Georgia Officials Mark Armenian Genocide At Annual State Capital Com


Wednesday, May 12th, 2010

State and local Proclamations and Resolutions Honor Survivors and
Victims; Praise Armenian Community Vigilance to End the Cycle of

ATLANTA, GA – The Armenian community of Georgia was joined by state
and local officials in commemorating the Armenian Genocide at an
annual program held at the State Capitol, organized by Dr. Sarkis
Agasarkisian and Aroutioun Agasarkisian, chairman of the Armenian
National Committee of Georgia.

Mistress of Ceremonies Vardoui Agasarkisian Jinian opened the
program by thanking elected officials for their continued support in
commemorating this crime against humanity, inviting former Atlanta
Mayor Bill Campbell to provide an invocation.

Former Georgia State Representative and current Fulton County
prosecutor Robin Shipp was on hand to present a letter from Georgia
Governor Sonny Perdue. "Today, with heavy heart, we remember and mourn
the sufferings of the Armenian people from 1915-1923, when more than
1.5 million Armenian men, women and children were murdered or sent
on death marches," wrote Gov. Perdue. "On this day, when so many of
our citizens observe Armenian Genocide Remembrance Day, let us affirm
our belief in tolerance, justice and the spirit of a moral life."

Next, State Senator Vincent Fort (39th District), presented the
recently adopted GA Senate Armenian Genocide Resolution (S. Res.

1454), marking April 24th as "Georgia’s Day of Remembrance of the
Armenian Genocide of 1915-1923". The lead sponsor of the resolution
spoke eloquently about the contributions of the Armenian community to
the State of Georgia. "The Georgia government appreciates the efforts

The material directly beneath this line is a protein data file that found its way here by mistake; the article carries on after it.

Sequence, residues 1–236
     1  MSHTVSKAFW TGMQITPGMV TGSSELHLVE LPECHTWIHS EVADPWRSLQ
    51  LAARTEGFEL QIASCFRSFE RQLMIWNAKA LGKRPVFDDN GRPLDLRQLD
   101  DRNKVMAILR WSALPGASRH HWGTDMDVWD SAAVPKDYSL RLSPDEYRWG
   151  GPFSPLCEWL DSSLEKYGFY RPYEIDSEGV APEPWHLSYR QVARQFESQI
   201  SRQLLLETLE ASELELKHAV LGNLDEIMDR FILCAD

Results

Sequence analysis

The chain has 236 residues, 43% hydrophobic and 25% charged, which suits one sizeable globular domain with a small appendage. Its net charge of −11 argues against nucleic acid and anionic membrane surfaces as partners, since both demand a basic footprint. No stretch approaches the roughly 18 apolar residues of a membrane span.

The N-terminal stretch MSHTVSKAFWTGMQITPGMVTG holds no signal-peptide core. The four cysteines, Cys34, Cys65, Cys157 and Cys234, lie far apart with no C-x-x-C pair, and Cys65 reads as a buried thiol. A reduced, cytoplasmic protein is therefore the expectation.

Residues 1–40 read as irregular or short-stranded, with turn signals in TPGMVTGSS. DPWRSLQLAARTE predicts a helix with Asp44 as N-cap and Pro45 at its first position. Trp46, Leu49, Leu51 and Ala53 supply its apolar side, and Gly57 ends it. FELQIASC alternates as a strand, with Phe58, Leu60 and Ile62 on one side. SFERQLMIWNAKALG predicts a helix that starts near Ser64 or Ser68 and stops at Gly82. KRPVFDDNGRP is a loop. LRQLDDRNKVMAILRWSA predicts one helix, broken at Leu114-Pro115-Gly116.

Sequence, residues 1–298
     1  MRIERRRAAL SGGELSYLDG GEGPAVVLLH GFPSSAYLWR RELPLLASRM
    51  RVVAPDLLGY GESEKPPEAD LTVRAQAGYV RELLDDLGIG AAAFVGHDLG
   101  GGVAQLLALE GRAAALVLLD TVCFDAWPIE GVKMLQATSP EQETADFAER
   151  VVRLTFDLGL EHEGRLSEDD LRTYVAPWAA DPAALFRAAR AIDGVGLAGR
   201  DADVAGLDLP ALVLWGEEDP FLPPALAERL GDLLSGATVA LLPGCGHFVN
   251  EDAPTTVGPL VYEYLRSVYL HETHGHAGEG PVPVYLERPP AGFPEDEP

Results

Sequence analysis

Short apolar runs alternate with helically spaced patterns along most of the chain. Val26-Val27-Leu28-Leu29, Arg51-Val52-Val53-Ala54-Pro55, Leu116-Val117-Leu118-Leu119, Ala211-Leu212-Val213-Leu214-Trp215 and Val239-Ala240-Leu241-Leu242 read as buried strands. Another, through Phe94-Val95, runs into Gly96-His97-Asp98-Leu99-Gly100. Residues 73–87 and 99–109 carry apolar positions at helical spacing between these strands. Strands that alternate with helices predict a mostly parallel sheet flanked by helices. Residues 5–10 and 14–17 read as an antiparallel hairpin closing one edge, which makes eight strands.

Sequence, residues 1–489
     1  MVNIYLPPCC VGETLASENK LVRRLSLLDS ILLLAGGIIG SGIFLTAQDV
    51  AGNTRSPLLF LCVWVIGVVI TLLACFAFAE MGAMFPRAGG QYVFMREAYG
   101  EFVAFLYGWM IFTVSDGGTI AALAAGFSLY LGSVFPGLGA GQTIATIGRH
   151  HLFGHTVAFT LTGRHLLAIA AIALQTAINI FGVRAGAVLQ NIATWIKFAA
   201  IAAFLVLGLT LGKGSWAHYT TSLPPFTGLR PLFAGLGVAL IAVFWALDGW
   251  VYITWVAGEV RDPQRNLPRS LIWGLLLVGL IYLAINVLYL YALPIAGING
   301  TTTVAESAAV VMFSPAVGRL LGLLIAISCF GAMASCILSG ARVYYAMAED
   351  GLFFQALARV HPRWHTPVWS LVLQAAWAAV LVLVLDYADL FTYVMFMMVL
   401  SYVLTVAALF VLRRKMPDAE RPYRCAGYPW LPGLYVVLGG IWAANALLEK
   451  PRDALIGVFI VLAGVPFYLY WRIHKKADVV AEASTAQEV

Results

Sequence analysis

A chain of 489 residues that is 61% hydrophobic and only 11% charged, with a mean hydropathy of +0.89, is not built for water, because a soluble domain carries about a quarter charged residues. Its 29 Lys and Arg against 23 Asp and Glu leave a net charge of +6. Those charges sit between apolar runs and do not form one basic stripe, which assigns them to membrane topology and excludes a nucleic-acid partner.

of the over 500 families of Armenian descent in the state, descendants
of a 3000 year old culture, who are known for their accomplishments
in education, the arts and government," noted Fort. The State Senator
went on to discuss the importance of the passage of the "Hate Crimes
Law" in Georgia, which he had also authored, citing the importance
of the recognition and remembrance of crimes against humanity, from
slavery to genocide.

Fulton County Superior Court Judge Thelma Wyatt Cummings Moore, a
perennial honored guest of Atlanta Armenian Genocide commemorative
events, spoke eloquently about the need for international affirmation
of the Armenian Genocide in the ongoing campaign to end the cycle of
genocide. "We have to remember these massacres and keep the memory
of the innocent victims alive, so that we can remind the U.S. of the
heavy price the Armenian people paid for its freedom and the struggle
to survive," noted Judge Moore.

Atlanta City Councilman C.T. Martin then presented the Phoenix Award to
the Atlanta Armenian Community, noting that the "promotion of a public
dialogue regarding this genocide and its legacy will surely inspire
positive race relations and build a strong foundation for unity within
our community." Councilman Martin went on to read a special letter
from Mayor Reed to ANC of Georgia’s Dr. Sarkis Agasarkisian. "This
year’s 95th Anniversary of the Armenian Genocide highlights an annual
worldwide day of remembrance of the grave atrocities committed against
the Armenian people between 1915-1923.

As you assemble to commemorate this tragic occurrence, I salute the